Justice Takes On Ohio Jail Crowding

COLUMBUS, Ohio (AP) – Judges are “part of the problem” with Ohio’s soaring prison population and have an important role to play in handing out sentences and reducing the number of people behind bars, the state’s top judge said Thursday.

Provisions of a 2011 law meant to reduce prison overcrowding have not been as successful as hoped for, requiring more diligence, state Supreme Court Chief Justice Maureen O’Connor said in a speech.

Any attempt at reducing the number of offenders entering prison is directly tied to sentencing, she said.

“We as judges must be part of the solution because we are certainly part of the problem,” she said. “We cannot take an attitude of out of sight, out of mind once offenders leave the courtroom.”

O’Connor’s remarks came the same day a report said the state prison in Toledo has Ohio’s highest rates of inmate drug use, prisoner homicides and staff turnover.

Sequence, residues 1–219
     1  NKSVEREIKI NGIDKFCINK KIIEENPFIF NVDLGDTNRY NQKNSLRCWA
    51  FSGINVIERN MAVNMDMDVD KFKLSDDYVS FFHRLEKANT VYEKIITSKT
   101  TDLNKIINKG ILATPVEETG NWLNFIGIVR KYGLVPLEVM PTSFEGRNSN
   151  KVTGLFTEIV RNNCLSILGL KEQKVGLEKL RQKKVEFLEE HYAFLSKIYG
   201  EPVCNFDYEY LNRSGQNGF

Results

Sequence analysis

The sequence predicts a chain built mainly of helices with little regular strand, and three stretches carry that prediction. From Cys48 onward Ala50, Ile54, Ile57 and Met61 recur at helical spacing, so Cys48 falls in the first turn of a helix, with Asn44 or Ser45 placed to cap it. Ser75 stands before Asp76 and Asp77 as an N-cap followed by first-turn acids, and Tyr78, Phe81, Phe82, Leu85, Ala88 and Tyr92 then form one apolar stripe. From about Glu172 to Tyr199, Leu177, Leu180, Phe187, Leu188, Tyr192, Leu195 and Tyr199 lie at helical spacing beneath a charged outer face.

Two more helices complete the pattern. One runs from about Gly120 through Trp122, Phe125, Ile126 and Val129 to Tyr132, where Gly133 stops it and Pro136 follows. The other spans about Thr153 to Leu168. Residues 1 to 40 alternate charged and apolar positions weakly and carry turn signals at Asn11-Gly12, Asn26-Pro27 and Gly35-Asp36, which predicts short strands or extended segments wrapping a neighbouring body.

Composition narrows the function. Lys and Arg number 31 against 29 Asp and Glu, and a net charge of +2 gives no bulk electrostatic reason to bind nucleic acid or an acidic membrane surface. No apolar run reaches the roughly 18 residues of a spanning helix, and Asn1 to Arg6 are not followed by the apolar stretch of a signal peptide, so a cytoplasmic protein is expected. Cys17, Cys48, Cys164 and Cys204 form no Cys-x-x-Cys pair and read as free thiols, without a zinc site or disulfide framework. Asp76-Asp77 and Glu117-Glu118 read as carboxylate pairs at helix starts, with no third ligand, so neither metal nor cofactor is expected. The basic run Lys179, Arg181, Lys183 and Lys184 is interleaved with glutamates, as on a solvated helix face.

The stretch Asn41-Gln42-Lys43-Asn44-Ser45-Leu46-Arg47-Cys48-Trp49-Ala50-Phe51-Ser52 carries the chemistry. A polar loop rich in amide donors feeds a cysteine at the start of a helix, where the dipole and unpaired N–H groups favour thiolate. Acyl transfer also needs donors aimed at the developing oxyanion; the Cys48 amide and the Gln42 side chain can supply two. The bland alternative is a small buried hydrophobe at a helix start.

The report by a legislative prison committee said inmate-on-inmate and inmate-on-staff assaults jumped between 2010 and 2012. The prison had three inmate homicides in the past year, a figure the report called “abnormal.”

The review of Toledo Correctional Institution also said inmates at the prison are openly disrespectful to staff. The prison began double-bunking inmates in 2011, according to the report by the Correctional Institution Inspection Committee.

But prisons spokeswoman JoEllen Smith said incidents of violence are down this year at Toledo as the state takes steps to address the problem. She said the report covers a time when the prison began housing more high-security inmates.

The state hired nine new guards, added employees to monitor disruptive inmates and made employees available at night to address prisoners’ concerns, she said. The prison has also boosted camera surveillance and taken steps that have reduced positive drug tests, Smith said.

The Department of Rehabilitation and Correction says the prison population of 50,000 could soar to 52,000 in two years and top 53,000 in six years.

To fix the problem, Director Gary Mohr has proposed working with judges to find ways to reduce prison commitments and with lawmakers to re-examine penalties for less serious crimes. He also wants a system modeled on one used for juvenile offenders to place more adult inmates in non-prison facilities closer to home.